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Gastrin and Peptic Ulcer

Arch Surg. 1965;91(6):1005-1010. doi:10.1001/archsurg.1965.01320180139029.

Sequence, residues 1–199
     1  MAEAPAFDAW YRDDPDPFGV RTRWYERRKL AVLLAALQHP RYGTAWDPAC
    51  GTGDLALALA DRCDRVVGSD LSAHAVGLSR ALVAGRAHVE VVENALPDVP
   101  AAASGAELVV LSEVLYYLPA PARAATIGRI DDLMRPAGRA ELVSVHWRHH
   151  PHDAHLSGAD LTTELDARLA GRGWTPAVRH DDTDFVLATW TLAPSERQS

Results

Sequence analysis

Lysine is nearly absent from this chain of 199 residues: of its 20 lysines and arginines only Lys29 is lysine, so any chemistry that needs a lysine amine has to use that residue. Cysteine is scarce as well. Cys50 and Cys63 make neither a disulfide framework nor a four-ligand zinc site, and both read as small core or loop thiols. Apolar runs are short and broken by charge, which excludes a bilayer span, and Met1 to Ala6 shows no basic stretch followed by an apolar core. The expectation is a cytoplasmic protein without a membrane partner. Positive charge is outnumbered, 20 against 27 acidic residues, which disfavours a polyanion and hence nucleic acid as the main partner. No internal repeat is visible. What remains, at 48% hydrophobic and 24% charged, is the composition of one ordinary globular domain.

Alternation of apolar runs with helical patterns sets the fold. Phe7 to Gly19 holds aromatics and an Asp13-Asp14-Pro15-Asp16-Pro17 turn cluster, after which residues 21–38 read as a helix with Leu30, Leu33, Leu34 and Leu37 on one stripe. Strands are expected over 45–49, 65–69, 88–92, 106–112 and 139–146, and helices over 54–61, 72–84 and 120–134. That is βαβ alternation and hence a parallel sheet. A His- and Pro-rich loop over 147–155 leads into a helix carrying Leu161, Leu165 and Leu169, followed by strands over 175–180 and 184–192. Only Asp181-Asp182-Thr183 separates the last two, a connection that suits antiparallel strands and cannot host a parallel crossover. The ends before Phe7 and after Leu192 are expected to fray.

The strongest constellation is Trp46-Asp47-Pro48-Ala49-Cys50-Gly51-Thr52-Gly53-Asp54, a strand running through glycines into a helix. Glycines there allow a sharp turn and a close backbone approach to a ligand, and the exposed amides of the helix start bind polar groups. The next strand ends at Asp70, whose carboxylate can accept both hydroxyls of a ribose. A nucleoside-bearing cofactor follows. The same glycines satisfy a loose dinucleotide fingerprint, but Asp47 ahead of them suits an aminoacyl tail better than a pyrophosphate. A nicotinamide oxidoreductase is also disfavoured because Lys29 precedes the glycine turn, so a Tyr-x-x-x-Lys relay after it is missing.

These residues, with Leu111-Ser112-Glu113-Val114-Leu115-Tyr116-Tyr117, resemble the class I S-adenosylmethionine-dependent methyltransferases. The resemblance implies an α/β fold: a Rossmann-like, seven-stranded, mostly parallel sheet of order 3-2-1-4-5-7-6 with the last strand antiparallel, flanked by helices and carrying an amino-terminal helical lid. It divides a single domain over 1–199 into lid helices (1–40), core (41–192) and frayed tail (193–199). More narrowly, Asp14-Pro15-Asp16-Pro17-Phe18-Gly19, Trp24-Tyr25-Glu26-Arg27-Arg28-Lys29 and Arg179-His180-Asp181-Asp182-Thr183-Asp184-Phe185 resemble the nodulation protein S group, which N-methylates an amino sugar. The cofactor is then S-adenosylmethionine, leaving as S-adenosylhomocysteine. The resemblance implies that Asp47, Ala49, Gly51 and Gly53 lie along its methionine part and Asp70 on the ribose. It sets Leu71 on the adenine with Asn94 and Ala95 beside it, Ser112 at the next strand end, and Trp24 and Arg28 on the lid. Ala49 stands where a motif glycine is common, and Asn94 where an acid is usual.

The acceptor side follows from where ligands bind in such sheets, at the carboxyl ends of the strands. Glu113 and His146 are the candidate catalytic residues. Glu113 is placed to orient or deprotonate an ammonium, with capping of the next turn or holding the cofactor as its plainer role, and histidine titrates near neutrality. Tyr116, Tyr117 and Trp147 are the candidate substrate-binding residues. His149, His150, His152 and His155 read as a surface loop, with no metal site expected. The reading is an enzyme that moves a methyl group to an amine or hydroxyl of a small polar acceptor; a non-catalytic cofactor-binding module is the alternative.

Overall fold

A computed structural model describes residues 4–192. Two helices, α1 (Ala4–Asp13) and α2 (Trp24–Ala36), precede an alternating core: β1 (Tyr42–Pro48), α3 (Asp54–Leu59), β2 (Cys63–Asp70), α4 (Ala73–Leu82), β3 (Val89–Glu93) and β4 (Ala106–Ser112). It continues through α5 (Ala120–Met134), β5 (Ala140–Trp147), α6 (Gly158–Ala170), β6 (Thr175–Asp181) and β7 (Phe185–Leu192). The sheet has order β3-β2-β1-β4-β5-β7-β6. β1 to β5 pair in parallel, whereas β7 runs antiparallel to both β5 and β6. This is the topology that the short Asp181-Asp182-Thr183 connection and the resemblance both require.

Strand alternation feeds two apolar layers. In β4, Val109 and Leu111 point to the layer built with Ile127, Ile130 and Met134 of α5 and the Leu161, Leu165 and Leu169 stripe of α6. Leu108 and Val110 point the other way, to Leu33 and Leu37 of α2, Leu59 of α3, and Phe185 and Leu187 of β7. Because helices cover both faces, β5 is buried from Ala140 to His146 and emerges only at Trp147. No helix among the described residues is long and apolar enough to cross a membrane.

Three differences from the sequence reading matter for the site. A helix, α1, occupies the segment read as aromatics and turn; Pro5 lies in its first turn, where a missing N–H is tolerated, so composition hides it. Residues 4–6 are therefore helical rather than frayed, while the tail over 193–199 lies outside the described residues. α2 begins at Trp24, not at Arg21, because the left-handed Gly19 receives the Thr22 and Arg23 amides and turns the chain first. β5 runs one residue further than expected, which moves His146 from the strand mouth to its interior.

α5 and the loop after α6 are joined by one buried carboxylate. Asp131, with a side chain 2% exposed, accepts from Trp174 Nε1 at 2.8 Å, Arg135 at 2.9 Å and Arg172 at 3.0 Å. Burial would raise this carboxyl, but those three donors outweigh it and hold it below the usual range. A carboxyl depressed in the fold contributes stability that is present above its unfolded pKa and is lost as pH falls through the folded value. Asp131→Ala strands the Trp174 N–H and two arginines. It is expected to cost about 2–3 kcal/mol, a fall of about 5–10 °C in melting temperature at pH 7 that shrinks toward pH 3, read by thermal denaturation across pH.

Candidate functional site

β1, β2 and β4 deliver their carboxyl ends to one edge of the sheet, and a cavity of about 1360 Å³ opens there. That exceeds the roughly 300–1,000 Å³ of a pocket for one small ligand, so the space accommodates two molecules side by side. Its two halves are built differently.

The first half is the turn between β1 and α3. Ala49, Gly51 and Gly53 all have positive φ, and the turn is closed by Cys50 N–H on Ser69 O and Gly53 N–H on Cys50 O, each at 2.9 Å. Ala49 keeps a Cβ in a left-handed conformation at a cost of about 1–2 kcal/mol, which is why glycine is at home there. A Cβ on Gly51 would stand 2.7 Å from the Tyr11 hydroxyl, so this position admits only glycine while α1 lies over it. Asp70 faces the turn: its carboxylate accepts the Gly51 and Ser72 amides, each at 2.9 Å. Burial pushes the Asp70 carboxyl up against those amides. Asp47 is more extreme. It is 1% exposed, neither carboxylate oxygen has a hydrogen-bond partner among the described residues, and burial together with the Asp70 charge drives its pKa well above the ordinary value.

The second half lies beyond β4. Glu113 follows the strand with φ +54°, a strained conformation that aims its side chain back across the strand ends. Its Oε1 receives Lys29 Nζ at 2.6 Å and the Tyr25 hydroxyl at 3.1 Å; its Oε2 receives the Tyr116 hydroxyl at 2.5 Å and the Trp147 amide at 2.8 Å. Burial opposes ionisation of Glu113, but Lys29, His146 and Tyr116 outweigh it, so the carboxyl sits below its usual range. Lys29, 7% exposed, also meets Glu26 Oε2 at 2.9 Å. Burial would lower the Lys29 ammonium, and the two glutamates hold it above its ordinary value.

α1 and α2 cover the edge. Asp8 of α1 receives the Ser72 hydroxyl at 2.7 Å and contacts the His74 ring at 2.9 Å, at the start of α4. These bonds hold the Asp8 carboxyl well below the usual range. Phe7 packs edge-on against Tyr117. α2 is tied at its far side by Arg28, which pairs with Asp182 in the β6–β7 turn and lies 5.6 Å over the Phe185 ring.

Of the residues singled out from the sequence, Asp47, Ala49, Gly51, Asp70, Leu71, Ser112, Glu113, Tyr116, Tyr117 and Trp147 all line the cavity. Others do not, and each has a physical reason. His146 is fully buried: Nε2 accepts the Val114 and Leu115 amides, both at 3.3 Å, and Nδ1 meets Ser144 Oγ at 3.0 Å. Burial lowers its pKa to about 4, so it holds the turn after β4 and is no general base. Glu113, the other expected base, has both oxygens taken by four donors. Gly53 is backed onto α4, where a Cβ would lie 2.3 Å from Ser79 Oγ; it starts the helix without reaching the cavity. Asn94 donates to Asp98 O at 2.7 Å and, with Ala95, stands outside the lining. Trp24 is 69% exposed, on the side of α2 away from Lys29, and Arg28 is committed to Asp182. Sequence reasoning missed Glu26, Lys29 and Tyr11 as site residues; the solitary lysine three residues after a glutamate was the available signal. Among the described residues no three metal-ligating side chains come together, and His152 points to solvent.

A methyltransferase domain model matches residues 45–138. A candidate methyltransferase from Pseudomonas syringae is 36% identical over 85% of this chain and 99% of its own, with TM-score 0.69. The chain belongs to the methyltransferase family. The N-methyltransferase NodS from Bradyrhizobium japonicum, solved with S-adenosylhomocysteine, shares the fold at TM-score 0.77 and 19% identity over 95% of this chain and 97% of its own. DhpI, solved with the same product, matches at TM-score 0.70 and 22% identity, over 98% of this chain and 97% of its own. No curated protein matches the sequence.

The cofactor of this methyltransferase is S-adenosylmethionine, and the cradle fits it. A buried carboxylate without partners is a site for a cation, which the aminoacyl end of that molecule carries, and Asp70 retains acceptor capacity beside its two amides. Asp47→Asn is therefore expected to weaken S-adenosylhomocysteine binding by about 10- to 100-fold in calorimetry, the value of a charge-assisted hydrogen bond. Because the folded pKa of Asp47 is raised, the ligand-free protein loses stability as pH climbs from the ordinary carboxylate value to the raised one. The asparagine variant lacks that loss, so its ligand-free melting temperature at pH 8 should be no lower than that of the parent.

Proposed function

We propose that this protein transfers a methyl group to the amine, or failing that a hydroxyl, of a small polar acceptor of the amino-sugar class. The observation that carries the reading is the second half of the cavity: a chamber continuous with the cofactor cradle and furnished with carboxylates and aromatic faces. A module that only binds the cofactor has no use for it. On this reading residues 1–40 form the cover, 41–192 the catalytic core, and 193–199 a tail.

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IN 1955 Zollinger and Ellison1 first called attention to the association of peptic ulcers in the jejunum with islet-cell tumors of the pancreas. This relationship was further elaborated by Ellison2 in 1956. Since this time a considerable number of similar cases have been reported and the characteristic feature of all of them has been a marked hypersecretion of gastric juice, both in empty stomach and in response to food taking. Removal of these tumors was found by Oberhelman and others3 to abolish the hypersecretion and to cause the ulcers to heal. Finally Gregory and associates4 succeeded in extracting a gastrinlike substance from a pancreatic tumor found in association with the ZollingerEllison syndrome, thus completing the chain of evidence establishing the pathogenesis of this type of chronic progressive peptic ulcer. As a result of this newer knowledge a number of lives have been saved, and the physician


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